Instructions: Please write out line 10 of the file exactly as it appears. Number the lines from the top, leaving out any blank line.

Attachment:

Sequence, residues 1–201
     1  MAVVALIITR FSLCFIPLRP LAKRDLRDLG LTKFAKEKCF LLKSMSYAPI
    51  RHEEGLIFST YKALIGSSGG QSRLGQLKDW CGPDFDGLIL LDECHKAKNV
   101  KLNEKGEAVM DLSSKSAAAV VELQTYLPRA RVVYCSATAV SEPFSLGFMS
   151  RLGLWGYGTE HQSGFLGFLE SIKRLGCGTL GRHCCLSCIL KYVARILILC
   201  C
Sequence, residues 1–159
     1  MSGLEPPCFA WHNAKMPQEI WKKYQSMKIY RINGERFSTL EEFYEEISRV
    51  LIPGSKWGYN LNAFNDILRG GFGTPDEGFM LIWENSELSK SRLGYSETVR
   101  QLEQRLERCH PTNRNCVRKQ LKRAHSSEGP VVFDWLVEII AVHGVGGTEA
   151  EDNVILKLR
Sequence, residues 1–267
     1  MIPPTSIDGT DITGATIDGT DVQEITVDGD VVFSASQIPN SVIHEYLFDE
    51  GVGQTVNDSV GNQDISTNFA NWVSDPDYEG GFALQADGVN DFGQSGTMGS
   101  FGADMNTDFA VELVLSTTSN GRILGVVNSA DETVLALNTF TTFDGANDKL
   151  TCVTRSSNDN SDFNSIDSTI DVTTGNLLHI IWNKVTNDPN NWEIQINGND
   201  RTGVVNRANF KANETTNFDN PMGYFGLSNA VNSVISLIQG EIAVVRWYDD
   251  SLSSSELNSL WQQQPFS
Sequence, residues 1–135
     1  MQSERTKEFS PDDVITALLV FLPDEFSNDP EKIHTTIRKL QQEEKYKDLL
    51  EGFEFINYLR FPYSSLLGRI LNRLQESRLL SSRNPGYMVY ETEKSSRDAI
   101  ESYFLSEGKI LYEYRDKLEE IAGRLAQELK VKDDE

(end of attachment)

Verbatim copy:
   101  QLEQRLERCH PTNRNCVRKQ LKRAHSSEGP VVFDWLVEII AVHGVGGTEA